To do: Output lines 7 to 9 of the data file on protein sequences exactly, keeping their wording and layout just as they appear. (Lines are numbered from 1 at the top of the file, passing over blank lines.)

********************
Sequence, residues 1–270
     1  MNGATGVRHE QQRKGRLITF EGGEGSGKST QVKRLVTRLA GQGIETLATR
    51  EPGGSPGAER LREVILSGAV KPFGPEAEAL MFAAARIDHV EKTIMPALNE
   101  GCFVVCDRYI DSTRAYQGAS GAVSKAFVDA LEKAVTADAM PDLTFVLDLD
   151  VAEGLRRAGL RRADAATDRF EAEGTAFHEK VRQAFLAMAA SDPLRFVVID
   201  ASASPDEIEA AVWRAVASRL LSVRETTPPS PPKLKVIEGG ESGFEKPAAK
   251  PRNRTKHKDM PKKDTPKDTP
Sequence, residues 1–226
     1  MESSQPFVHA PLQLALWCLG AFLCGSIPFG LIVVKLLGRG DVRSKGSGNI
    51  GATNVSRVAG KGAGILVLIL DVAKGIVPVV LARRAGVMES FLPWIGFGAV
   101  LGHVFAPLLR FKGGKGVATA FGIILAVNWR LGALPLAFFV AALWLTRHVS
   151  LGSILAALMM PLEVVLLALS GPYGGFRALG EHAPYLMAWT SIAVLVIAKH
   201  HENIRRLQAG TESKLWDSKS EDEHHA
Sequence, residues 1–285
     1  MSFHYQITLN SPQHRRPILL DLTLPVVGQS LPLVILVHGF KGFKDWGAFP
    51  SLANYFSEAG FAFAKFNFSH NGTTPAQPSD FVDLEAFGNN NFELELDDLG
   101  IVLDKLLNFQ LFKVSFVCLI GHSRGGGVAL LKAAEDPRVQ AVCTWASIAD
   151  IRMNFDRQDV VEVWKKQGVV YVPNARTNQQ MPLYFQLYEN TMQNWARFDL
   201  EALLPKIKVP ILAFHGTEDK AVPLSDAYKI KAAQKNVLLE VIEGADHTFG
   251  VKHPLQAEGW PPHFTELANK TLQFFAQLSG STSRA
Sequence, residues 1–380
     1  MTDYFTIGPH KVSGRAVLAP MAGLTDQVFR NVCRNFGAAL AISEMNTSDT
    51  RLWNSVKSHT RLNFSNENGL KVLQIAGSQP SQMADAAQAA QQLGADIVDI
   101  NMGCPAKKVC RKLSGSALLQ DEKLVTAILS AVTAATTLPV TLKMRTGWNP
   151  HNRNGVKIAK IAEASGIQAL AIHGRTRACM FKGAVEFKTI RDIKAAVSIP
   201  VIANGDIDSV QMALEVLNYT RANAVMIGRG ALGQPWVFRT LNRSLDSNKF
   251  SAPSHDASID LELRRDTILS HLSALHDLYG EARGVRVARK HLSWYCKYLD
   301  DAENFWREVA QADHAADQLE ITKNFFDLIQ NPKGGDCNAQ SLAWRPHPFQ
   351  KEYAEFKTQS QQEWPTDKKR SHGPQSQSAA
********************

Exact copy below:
   251  PRNRTKHKDM PKKDTPKDTP
Sequence, residues 1–226
     1  MESSQPFVHA PLQLALWCLG AFLCGSIPFG LIVVKLLGRG DVRSKGSGNI